However, homemakers and retired professionals still represent an underutilised demographic in volunteering.
3. There is a shift towards skill-based volunteering
Traditional volunteering often involves generic tasks such as distributing pamphlets or simple administrative work, but there’s a growing trend of skill-based volunteering, where individuals contribute their specialised skills and expertise, such as building strategy for organisations, designing marketing plans, onboarding new technology platforms, and training community members in a specific skill. This can be highly beneficial for organisations seeking specific knowledge or services.
Taproot Foundation and WeDoGood connect skilled professionals such as marketers, HR experts, and graphic designers with nonprofits that need their expertise. Volunteers provide pro bono consulting to help these organisations achieve their missions more effectively.
4. Virtual volunteering is taking off, especially after COVID-19
The pandemic accelerated the adoption of virtual volunteering, allowing individuals to contribute remotely. This trend continues as people realise they can make a difference from the comfort of their homes. For instance, iVolunteer, an online platform, offers virtual volunteering opportunities in areas such as content writing, website development, and data analysis. Volunteers can help nonprofits across India without facing any geographical constraints.
These trends are indicative of the changing landscape of volunteering and the growing importance of volunteers in society.
Evidence of effective volunteering
Among the strategies that have proven successful, providing opportunities for volunteers to lead and shape projects has been transformative. Organisations such as Claylab Education Foundation have embraced the concept of ‘super mentors’—experienced volunteers who have been working consistently with the organisation for a while. Involving long-term volunteers in programme design and operations enriches both their experience as well as programme outcomes.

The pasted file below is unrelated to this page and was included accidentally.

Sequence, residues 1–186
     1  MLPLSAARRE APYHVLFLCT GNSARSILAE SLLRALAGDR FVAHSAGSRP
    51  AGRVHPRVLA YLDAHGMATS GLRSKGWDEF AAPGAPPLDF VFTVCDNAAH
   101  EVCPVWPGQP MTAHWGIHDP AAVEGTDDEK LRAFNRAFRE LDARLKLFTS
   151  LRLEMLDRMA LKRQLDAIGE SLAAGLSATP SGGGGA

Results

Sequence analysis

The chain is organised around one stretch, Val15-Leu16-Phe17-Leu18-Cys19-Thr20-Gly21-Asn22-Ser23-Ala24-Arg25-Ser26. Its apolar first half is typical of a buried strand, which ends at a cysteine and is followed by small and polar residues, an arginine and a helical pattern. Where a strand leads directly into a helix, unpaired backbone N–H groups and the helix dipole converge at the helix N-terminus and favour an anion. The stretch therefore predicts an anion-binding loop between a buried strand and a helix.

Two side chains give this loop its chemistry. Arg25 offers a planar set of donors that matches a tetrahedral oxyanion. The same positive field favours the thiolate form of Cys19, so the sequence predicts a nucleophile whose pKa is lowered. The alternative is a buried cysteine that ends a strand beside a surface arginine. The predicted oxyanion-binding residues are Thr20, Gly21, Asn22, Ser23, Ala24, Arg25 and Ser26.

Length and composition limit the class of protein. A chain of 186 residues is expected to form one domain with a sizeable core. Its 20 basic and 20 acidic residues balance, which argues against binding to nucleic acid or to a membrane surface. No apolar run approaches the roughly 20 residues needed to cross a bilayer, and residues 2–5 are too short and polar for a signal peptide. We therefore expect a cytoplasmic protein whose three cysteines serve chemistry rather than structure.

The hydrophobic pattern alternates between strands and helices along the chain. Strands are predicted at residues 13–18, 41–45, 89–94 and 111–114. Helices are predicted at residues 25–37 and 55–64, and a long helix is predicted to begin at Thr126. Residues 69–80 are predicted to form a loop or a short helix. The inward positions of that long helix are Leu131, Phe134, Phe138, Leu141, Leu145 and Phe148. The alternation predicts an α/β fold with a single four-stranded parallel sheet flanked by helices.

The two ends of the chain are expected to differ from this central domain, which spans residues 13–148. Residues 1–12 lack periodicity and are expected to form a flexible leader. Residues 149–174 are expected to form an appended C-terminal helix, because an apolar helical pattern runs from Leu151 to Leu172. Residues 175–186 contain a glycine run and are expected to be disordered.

Initiatives such as Sampark Sathi Foundation allow volunteers to witness the immediate impact of their efforts. Community volunteers at Sampark Sathi scout cases in the local community that require attention. Once regular volunteers have verified these cases, they go about looking for solutions with partner nonprofits. Recently, some volunteer members arranged for a wheelchair for a young boy and helped conduct workshops for young women to become certified beauticians. This reinforces their connection with the cause.
Virtual opportunities and the emergence of ‘gig’ volunteering are further testament to the evolving dynamics. It enables volunteers to engage in micro-projects with tangible results within shorter time frames (one–three months).
What we’ve learned
While the potential for impactful volunteering is immense, organisations must consider the following to effectively harness this potential:
- Insisting on long-term commitments before volunteers experience the ‘joy’ of volunteering can deter potential contributors. We live in a world of instant gratification, so it’s important to design short-term opportunities, including ‘gig’ opportunities that can be completed in as little as one week and display immediate impact to some extent. This helps keep volunteers engaged and motivated as they start out.